In 2017, I wrote nine installments for National Bus Trader about the replacement of drivers with robots. That series was titled, “Autonomous and Inevitable.” At great length, I examined the dynamics of driverless vehicles (or “highly automated vehicles” as politically-correct USDOT officials like to call them) and the socio-economic, political and institutional forces which make them unavoidable.
This series of installments, which shall appear periodically, will examine some likely reactions to the robots by drivers.
Long before GPS-based navigators directed drivers through less-well-known portions of the service area, an important driver’s skill was “service area familiarity.” This skill is still valuable, particularly in demand-responsive services like taxicab, limousine, non-emergency medical transportation and complementary paratransit service. But it can be valuable to motorcoach drivers, often operating in vast service areas with their nooks and crannies. Drivers often know more efficient paths between two points, with fewer turns, than do navigators. And drivers familiar with the service area can recognize and interpret certain variables which navigators either ignore or cannot factor into operations. These variables range from avoiding poorly-maintained streets to avoiding dangerous neighborhoods. It clearly helps in places with poor signage or areas which navigators cannot correctly identify and coherently articulate. Service area familiarity also helps drivers avoid last-second merging and weaving.
Familiarity with the service area has long been an important consideration in the hiring process. But one cannot always find drivers with this knowledge and experience. Sometimes there are good reasons for hiring drivers with other skills and capabilities, such as safe driving records and a knowledge of multiple languages. As a result, many otherwise-qualified drivers begin their tenure with a less-than-perfect familiarity with the service area.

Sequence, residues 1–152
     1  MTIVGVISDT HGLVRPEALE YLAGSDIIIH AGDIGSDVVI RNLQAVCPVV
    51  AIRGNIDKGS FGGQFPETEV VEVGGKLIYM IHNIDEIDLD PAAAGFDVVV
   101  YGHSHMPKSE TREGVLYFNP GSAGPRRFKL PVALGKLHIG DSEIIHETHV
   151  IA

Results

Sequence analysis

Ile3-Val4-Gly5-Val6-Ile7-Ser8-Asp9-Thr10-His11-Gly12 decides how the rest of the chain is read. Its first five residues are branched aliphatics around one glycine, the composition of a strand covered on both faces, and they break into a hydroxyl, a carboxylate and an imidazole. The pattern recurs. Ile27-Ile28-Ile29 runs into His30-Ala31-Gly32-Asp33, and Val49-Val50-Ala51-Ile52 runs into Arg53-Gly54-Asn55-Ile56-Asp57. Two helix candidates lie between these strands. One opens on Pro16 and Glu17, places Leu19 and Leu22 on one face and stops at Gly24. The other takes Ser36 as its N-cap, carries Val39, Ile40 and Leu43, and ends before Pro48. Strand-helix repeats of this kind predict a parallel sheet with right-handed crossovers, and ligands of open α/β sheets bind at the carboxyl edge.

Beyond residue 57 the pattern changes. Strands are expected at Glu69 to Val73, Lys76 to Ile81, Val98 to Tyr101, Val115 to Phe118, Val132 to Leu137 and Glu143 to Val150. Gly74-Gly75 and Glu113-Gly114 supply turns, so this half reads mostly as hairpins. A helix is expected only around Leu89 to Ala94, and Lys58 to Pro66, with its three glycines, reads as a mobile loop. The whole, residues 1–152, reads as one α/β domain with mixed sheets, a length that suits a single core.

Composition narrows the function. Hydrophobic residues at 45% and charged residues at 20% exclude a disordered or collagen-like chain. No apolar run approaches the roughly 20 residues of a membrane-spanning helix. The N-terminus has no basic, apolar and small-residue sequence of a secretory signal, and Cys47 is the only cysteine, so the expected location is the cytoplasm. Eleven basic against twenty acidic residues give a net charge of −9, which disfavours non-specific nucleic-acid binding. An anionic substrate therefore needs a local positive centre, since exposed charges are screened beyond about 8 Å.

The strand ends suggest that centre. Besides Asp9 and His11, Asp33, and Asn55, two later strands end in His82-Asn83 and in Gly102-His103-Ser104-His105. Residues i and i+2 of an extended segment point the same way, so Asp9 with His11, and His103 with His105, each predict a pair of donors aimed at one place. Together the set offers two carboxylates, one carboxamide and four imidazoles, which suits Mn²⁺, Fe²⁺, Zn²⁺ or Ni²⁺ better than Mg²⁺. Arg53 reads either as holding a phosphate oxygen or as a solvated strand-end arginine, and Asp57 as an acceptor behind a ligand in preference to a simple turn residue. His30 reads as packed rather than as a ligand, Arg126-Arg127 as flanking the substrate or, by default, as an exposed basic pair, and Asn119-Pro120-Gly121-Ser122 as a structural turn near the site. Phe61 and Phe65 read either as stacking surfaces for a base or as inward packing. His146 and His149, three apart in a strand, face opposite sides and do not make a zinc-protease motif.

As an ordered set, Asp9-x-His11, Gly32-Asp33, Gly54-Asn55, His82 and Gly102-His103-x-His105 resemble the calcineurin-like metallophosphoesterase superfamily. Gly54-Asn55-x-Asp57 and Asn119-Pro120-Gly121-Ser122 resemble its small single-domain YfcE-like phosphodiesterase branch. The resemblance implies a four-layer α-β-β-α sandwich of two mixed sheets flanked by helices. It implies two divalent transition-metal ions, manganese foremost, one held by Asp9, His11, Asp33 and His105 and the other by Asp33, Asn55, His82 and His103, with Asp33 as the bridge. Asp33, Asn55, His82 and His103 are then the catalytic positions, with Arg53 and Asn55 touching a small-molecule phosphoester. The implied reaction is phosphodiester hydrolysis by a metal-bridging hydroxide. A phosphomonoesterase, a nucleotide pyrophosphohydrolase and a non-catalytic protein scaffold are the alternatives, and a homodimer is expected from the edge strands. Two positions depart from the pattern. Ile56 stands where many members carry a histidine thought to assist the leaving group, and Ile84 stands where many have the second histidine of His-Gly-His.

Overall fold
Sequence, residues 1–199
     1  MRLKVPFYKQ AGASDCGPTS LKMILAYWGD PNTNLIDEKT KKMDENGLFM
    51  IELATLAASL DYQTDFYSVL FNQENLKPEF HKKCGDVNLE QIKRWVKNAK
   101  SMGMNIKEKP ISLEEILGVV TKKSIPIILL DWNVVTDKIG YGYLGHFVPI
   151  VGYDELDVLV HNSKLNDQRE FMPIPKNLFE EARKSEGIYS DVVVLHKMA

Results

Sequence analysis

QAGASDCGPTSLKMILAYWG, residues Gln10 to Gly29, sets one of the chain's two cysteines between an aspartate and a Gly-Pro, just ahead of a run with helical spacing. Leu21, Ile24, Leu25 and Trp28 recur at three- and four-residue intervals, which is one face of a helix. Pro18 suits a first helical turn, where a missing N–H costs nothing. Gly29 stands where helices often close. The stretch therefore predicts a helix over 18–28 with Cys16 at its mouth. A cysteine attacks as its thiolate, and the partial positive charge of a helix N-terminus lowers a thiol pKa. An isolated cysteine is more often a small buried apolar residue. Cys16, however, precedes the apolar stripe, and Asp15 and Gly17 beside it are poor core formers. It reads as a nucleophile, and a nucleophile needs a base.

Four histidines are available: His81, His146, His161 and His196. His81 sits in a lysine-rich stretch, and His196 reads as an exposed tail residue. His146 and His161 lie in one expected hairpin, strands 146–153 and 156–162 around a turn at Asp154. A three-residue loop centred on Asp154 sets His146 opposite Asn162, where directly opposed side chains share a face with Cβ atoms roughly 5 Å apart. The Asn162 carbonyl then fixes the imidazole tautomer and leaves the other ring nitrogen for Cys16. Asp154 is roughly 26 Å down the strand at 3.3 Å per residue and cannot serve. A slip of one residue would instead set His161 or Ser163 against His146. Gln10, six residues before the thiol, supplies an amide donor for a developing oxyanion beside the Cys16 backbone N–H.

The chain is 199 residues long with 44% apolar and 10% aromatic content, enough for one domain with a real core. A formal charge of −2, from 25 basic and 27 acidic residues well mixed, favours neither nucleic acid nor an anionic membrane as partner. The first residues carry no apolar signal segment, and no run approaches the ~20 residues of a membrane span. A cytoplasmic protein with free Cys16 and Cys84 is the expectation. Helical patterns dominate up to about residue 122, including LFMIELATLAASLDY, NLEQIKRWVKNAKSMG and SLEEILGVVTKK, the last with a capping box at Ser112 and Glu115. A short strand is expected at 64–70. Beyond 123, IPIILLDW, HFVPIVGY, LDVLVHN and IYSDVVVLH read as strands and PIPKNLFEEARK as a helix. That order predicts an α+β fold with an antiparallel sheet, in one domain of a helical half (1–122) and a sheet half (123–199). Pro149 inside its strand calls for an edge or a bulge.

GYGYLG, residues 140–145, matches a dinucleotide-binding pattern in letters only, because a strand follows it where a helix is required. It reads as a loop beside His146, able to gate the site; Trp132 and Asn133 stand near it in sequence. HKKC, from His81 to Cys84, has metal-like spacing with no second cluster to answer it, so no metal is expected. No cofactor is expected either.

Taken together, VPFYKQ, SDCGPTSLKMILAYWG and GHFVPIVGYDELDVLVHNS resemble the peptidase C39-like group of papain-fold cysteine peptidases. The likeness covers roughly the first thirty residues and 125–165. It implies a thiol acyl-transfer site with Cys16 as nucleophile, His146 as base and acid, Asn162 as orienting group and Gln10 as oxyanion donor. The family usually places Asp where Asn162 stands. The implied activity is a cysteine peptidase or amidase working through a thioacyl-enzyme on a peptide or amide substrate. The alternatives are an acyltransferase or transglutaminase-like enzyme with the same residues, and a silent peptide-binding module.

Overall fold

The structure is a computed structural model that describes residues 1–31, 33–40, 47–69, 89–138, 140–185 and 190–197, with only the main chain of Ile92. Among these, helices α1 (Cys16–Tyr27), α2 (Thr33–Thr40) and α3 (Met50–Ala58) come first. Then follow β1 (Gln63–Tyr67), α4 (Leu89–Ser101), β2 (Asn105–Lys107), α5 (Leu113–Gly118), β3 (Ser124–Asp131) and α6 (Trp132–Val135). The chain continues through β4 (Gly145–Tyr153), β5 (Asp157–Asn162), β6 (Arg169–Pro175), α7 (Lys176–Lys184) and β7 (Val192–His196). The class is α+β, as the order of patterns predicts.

In the early 1980s, Los Angeles County taxi owner and SuperShuttle originator Mitchell Rouse would examine taxi meter readings to compare income to mileage. The goal was to increase passenger mileage and decrease deadhead time. Those drivers with no knowledge of the service area were quickly terminated. Rouse gave others a few weeks of adjustment time, and would then call them into his office. Face to face, he would tutor them about the attainable split of passenger and deadhead mileage. And he would give them some advice about reaching it.
The moment many of these drivers returned to their cabs, they would start tearing the interiors apart: “How did my boss know every little thing I was doing?” “Where are the cameras?” “Where are the microphones?” Some drivers would realize that Rouse could figure things out. But the battle lines against the robots were drawn.
L.A. Taxi was also one of the first taxi companies to install mobile data terminals (MDTs) in its vehicles. But these devices were not installed to replace drivers. They were installed to assist them. And they were installed to assist management in monitoring their conduct and performance.
Two decades later, drivers in less-well-managed systems were hostile to the changes introduced by mobile data terminals. In 2001, 24 paratransit drivers working for the Southeastern Pennsylvania Transportation Authority (SEPTA, in Philadelphia) were fired because they literally destroyed MDTs and “associated scanner readers” (SCRs). Not driving the same vehicles from day to day, many of these drivers had destroyed “a considerable number of units” (Transit Access Report, May, 10, 2001). One SEPTA official claimed, “I think some of it was fear of machines, fear of what they would do to them or their jobs.”